Worries in Euro Zone Shift to Italy From Spain
Concerns grew on Monday that Italy could be the next victim of Europe’s financial infection, leading nervous investors to sell Italian stocks and bonds and damping euphoria over a weekend deal to bail out Spain’s banks.
Italian officials privately expressed concern that the 100 billion euros, or $125 billion, that Europe pledged to Spanish banks might not stop the troubles from spreading.
Italy’s main stock index was Europe’s worst performer on Monday, a day when United States stocks were also dragged down and investors flocked yet again to the safe harbor of American and German government bonds. Even the Italian prime minister, Mario Monti, a European technocrat who came to office after the euro crisis forced out Silvio Berlusconi last November, has begun to acknowledge the dangers posed to his country’s 1.56-trillion-euro economy ($1.95 trillion).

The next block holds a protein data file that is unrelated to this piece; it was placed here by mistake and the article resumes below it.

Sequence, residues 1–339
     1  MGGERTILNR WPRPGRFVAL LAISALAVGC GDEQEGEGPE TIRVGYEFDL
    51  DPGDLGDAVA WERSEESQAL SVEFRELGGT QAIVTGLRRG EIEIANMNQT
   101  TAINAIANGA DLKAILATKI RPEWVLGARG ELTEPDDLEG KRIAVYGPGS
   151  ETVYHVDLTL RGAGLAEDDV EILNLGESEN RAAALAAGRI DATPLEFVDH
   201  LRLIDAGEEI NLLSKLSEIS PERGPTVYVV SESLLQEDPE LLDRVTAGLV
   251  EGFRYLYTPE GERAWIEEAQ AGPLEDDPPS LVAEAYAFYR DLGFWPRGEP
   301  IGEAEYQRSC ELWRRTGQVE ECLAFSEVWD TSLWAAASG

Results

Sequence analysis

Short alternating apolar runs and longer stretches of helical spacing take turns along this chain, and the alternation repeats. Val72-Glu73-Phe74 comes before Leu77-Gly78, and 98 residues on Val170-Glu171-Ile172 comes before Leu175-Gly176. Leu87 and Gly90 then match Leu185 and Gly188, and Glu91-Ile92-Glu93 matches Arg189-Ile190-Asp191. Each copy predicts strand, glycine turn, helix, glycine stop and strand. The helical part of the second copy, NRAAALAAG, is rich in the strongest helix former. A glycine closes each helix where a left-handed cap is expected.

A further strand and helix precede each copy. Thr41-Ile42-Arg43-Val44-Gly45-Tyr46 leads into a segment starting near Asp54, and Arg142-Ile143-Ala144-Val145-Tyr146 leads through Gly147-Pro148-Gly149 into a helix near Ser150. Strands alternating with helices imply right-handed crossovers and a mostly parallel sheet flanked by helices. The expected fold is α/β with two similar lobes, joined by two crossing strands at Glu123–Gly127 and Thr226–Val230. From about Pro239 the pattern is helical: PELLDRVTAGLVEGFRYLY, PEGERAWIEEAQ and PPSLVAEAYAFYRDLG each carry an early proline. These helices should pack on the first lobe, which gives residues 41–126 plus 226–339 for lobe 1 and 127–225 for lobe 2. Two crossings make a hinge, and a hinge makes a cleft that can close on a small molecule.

The main fear is that Italy cannot grow its way out of a recession fast enough to pay a mountainous national debt. Other concerns include the fact that Italy, with the third-largest euro zone economy after those of Germany and France, will have to shoulder a large portion of the bailout bill even as it grapples with its own sharp economic downturn.